LRMC cardiac lab opening celebrated

 

DENISE MARQUEZ

Lea Regional Medical Center celebrated the opening of its new cardiac catheterization laboratory Tuesday with a ribbon cutting ceremony.

The new cardiac catheterization laboratory includes around $1.5 million of new equipment. Doctors Charles H. Moore, from Houston, and Dr. Chip Uricchio, from Philadelphia, will treat patients in the lab.

Tim Thornell, LRMC CEO, said the new lab will help diagnose and treat patients with cardiac irregularities. He said the new service builds upon the hospital’s national accreditations from the Society for Cardiovascular Patient Care for Chest Pain, Heart Failure, and a Stroke Certification from the American Heart Association.

“We have new cath lab equipment, very well trained and seasoned physicians and we brought in a dedicated cath lab crew,” Thornell said. “All the cath lab team has an average 10 years experience and know what they are doing. We want to bring quality care locally.”

Uricchio said with the cardiac catheterization lab available in Hobbs and not having to travel for treatment, patients throughout the area have better chances of having less heart damage and better results after experiencing heart attack symptoms.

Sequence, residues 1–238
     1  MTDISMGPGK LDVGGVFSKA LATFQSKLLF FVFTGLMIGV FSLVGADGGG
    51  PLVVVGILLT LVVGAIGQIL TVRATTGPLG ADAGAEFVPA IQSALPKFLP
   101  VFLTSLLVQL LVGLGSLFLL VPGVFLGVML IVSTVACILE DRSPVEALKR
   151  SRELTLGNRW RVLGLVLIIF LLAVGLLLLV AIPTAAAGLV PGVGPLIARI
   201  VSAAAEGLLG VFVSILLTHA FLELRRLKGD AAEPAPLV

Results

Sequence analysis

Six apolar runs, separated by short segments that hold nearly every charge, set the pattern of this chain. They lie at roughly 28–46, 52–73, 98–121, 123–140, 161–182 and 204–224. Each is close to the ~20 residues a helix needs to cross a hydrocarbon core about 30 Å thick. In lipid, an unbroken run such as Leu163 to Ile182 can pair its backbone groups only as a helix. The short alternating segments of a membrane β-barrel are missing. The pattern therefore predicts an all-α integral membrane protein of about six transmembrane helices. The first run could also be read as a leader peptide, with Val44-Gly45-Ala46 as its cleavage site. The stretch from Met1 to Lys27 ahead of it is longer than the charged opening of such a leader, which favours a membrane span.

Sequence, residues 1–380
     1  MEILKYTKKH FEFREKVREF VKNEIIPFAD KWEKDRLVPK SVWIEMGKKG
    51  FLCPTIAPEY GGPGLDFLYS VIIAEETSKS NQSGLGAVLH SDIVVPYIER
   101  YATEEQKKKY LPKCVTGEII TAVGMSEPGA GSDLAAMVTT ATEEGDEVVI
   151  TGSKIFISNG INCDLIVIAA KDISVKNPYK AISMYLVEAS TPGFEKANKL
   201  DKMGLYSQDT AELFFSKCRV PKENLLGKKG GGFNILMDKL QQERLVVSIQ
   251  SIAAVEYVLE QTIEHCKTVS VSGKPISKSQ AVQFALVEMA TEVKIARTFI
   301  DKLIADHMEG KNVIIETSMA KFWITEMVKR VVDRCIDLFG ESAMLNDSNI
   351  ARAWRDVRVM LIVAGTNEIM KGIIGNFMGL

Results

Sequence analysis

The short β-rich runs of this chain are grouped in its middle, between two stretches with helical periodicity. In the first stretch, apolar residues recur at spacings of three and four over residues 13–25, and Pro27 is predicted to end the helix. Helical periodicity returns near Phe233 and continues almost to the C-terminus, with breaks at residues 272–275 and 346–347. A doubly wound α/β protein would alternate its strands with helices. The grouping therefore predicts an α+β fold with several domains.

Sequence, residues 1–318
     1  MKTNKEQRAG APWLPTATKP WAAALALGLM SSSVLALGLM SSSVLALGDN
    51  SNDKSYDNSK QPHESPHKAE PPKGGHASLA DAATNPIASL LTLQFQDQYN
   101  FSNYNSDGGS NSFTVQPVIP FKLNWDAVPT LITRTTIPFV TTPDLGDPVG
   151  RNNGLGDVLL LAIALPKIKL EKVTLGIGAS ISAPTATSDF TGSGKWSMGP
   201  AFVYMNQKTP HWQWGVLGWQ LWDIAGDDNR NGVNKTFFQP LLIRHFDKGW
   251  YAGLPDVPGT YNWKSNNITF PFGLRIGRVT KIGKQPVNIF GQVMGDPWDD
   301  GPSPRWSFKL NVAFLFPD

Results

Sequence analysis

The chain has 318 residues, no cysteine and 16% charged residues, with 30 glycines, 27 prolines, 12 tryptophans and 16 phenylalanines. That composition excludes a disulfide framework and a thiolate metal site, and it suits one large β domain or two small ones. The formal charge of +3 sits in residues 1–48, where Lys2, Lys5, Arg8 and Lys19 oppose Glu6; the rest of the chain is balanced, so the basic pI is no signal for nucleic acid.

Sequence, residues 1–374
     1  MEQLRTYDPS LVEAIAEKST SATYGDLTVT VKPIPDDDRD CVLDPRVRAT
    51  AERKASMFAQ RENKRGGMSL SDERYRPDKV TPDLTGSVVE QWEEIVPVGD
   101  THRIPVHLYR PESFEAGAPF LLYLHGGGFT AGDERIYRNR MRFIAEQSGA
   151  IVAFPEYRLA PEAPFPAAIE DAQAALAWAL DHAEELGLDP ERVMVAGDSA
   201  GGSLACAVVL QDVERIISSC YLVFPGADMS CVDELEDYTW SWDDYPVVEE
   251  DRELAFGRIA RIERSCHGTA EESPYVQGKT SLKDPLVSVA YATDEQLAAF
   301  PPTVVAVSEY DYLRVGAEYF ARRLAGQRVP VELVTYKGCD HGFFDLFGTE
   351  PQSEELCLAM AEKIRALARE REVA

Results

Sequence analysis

“When you have a heart attack, you've closed an artery in the heart and you only have a couple of hours to get it open,” he said. “If you have to travel, that counts against that couple of hours in addition to the time it takes to do the procedure. There’s no room for travel time. The advantage is the sooner you get it (the artery) open the less heart damage and the patients live longer and everything goes better.”

Moore said much of the time people suffering from cardiac irregularities receive treatment late. He said Lea Regional’s new catheterization lab will help offer the early treatments, which can help save lives.

“Coronary disease is the No. 1 killer in the U.S.,” Moore said. “A lot of times people have major issues or limitations when they either can’t receive early treatment or receive treatment late. What I tell patients when we are doing these evaluations and procedures is we’re doing it so that hopefully they’ll have a longer and better life.”

During the ribbon cutting ceremony, Ron Black, Lea County commissioner district 3, said the new catheterization lab gives an option for Lea County residents to find quality health care locally and will keep funds in the local economy.

“This is a great event for Lea County. Several years ago the Lea County commission had a health study and one of the things it showed was an awful lot of money was flowing out of Lea County to Texas counties for medical service,” Black said.

“What we’re seeing today is a big step forward for progress. A lot of lives are going to be saved. I really appreciate what Lea Regional has done, this is a major step forward.”